ICANN Begins its Sojourn into Open Data

Posted by Padmini Baruah and Sumandro Chattapadhyay at Nov 11, 2016 10:05 AM |
The Internet Corporation for Assigned Names and Numbers (ICANN) recently announced that it will now set up a pilot project in order to introduce an Open Data initiative for all data that it generates. We would like to extend our congratulations to ICANN on the development of this commendable new initiative, and would be honoured to support the creation of this living document to be prepared before ICANN 58.


To quote the ICANN blog directly, the aim of this project is to “bring selected data sets into the open, available through web pages and programming APIs, for the purposes of external party review and analysis[1]. This will play out through the setting up of three components:

  1. Development of a catalogue of existing data sets which will be appropriate for publication
  2. Selection of the technology necessary for managing the publication of these data sets.
  3. Creation of a process to prioritise the order in which the data sets are made available [2].

Principles in Question

The Centre for Internet and Society firmly believes in the value of accessible, inclusive open data standards as a tool for enhancing transparency in any system. Greater transparency goes a long way towards bringing a regulatory authority closer to those who are governed under it – be it a state or a body such as ICANN. It is, in fact, an indispensable component of a multistakeholder model of governance to facilitate informed participation by all parties concerned in the decision making process.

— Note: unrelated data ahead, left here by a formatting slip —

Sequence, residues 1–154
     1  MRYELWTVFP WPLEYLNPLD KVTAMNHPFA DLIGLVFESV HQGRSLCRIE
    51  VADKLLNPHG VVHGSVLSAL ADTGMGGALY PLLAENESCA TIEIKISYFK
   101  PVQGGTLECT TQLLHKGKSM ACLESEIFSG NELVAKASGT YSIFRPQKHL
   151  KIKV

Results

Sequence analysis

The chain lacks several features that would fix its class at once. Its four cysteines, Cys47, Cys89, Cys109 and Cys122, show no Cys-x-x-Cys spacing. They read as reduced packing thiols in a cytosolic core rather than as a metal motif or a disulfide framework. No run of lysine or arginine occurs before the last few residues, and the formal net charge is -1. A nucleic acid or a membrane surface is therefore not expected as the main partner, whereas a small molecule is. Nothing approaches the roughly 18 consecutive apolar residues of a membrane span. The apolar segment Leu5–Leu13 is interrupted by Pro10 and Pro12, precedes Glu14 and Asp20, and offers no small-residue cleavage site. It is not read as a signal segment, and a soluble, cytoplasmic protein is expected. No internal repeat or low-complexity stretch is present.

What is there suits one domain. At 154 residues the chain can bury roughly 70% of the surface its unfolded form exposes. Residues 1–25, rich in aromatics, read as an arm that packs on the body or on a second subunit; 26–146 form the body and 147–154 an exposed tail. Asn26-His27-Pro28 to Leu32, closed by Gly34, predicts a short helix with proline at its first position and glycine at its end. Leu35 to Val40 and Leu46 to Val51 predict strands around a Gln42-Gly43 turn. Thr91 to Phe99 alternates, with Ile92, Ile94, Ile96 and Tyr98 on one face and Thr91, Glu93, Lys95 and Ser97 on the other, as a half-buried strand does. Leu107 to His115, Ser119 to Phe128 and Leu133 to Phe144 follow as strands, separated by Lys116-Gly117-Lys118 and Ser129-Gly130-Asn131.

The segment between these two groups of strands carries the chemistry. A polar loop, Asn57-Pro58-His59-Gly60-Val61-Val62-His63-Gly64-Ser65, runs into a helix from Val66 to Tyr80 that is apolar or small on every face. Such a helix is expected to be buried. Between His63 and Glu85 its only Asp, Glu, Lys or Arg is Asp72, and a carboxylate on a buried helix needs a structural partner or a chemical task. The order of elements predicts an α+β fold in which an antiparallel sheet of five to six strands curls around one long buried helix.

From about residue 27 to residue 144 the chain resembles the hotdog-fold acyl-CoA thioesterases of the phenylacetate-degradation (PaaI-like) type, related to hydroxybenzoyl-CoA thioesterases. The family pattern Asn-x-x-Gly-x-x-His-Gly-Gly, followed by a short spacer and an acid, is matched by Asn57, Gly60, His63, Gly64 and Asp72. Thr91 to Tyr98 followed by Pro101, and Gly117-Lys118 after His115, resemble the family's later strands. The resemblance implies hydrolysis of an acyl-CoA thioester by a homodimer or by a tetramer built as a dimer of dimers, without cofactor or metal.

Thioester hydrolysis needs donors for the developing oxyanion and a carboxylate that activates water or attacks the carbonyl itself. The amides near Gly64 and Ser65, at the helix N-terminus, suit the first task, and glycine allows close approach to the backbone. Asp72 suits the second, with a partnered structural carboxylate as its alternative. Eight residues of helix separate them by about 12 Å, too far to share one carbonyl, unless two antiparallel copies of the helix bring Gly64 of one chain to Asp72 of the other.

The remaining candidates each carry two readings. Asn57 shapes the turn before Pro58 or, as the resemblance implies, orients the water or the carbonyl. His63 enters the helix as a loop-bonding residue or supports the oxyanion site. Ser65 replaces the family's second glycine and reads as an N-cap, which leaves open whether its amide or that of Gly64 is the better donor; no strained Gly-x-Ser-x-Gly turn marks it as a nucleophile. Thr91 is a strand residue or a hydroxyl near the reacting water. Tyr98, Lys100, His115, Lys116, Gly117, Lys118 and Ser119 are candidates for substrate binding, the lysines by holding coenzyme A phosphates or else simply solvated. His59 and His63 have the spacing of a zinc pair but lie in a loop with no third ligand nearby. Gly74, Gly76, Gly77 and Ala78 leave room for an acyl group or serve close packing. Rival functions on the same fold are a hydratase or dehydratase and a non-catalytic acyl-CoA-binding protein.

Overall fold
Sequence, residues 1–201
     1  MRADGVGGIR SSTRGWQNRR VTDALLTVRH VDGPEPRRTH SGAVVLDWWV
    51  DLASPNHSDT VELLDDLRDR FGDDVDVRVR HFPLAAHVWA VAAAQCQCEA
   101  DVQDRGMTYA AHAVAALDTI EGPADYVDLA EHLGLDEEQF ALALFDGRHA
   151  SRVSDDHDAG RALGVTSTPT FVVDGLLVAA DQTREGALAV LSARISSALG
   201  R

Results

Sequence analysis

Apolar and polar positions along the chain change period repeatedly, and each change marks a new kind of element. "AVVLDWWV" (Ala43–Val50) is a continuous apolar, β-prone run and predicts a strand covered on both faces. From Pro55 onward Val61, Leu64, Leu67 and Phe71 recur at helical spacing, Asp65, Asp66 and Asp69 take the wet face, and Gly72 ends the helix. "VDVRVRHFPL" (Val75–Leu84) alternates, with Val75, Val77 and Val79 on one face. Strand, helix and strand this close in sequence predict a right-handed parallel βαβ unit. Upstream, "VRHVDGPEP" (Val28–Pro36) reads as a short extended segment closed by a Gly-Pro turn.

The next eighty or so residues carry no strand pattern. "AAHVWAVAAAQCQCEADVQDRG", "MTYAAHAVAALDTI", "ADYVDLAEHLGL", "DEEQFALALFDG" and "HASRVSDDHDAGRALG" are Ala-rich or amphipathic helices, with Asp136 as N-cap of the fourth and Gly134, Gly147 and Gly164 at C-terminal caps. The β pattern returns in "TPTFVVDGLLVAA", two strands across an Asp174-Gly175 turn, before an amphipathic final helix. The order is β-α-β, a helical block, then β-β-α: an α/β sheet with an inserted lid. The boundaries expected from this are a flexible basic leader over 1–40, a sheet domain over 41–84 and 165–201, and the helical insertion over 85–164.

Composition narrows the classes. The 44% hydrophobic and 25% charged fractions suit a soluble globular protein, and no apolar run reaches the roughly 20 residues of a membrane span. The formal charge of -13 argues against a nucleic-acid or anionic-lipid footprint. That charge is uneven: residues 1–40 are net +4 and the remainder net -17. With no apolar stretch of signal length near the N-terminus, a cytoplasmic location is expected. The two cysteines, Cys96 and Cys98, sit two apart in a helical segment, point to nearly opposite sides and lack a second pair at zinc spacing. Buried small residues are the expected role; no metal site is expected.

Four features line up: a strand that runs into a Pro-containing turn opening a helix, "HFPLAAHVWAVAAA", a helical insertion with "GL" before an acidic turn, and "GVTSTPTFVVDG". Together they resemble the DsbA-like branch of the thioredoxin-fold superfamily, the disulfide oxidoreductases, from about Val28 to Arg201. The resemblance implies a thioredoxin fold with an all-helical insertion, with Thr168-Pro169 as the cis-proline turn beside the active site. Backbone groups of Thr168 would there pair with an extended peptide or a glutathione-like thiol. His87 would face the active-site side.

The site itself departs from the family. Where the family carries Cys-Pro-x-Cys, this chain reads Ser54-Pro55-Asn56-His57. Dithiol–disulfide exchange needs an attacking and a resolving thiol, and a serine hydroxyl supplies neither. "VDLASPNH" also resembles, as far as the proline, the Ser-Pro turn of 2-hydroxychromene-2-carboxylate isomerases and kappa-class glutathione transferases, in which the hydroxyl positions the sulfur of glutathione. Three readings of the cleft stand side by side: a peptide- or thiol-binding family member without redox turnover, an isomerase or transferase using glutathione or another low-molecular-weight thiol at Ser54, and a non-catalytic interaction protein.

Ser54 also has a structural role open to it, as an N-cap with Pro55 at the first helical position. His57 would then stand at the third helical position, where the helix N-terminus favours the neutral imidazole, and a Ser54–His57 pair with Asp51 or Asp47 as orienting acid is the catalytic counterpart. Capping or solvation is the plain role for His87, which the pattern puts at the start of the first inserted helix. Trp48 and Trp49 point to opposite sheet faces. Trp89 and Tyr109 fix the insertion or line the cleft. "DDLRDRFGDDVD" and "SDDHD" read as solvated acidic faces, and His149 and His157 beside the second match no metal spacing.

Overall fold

The right to information that a regulatory authority owes those it regulates has two kinds of components. The first may be described as reactive disclosure – “when individual members of the public file requests for and receive information[3]. The second is disclosure that is more proactive in nature – “when information is made public at the initiative of the public body, without a request being filed[4]. The former is epitomized by initiatives such as the Freedom of Information Act [5] in the United States, the Right to Information Act in India [6], or ICANN’s very own Documentary Information Disclosure Policy [7].

Proactive disclosure policies, on the other hand, operate out of the principle that the provision of information by those in positions of regulatory authority will ensure free and timely flow of information to the public, and the information so provided will be equally accessible to everyone, without the need for individual requests being filed [8]. Proactive disclosure also goes a long way towards preventing officials from denying or manipulating information subsequent to publication [9]. Scholars have touted proactive disclosure as the “future of the right to know[10].

At the Centre for Internet and Society, much of our research has pointed towards the direction of creating better open data standards for governments (Please see “Open Data Government Study: India”). We are one of the Lead Stewards of the International Open Data Charter [11] and have maintained that it is crucial for governments to maintain open data standards in the interest of transparency and accountability. We firmly believe that the same principles extend also to ICANN – a body which, as per its own by-laws commits towards operating “…to the maximum extent feasible in an open and transparent manner and consistent with procedures designed to ensure fairness[12].